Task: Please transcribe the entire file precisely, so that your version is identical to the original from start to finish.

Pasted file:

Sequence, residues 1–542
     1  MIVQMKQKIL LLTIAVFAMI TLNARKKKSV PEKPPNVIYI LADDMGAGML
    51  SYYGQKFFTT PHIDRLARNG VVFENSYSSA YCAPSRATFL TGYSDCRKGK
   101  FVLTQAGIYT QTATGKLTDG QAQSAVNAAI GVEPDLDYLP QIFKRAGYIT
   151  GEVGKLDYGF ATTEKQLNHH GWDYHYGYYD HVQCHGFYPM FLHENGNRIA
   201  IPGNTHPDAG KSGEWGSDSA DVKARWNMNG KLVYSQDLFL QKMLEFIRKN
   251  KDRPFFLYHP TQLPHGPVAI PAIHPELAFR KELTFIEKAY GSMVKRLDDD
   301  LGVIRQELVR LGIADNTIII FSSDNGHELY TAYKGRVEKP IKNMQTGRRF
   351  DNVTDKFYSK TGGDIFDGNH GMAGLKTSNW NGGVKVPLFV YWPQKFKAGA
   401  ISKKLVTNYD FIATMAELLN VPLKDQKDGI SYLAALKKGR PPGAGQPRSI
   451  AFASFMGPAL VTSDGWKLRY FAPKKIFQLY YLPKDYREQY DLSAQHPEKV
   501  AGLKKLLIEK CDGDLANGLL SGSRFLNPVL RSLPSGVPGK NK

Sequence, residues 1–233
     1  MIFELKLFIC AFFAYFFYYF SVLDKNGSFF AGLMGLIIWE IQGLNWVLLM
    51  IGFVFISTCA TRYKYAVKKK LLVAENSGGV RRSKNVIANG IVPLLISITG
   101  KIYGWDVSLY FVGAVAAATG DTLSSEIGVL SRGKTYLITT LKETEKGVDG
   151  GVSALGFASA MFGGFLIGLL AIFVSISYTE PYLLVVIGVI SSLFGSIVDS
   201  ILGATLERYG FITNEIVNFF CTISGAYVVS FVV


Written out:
Sequence, residues 1–542
     1  MIVQMKQKIL LLTIAVFAMI TLNARKKKSV PEKPPNVIYI LADDMGAGML
    51  SYYGQKFFTT PHIDRLARNG VVFENSYSSA YCAPSRATFL TGYSDCRKGK
   101  FVLTQAGIYT QTATGKLTDG QAQSAVNAAI GVEPDLDYLP QIFKRAGYIT
   151  GEVGKLDYGF ATTEKQLNHH GWDYHYGYYD HVQCHGFYPM FLHENGNRIA
   201  IPGNTHPDAG KSGEWGSDSA DVKARWNMNG KLVYSQDLFL QKMLEFIRKN
   251  KDRPFFLYHP TQLPHGPVAI PAIHPELAFR KELTFIEKAY GSMVKRLDDD
   301  LGVIRQELVR LGIADNTIII FSSDNGHELY TAYKGRVEKP IKNMQTGRRF
   351  DNVTDKFYSK TGGDIFDGNH GMAGLKTSNW NGGVKVPLFV YWPQKFKAGA
   401  ISKKLVTNYD FIATMAELLN VPLKDQKDGI SYLAALKKGR PPGAGQPRSI
   451  AFASFMGPAL VTSDGWKLRY FAPKKIFQLY YLPKDYREQY DLSAQHPEKV
   501  AGLKKLLIEK CDGDLANGLL SGSRFLNPVL RSLPSGVPGK NK

Sequence, residues 1–233
     1  MIFELKLFIC AFFAYFFYYF SVLDKNGSFF AGLMGLIIWE IQGLNWVLLM
    51  IGFVFISTCA TRYKYAVKKK LLVAENSGGV RRSKNVIANG IVPLLISITG
   101  KIYGWDVSLY FVGAVAAATG DTLSSEIGVL SRGKTYLITT LKETEKGVDG
   151  GVSALGFASA MFGGFLIGLL AIFVSISYTE PYLLVVIGVI SSLFGSIVDS
   201  ILGATLERYG FITNEIVNFF CTISGAYVVS FVV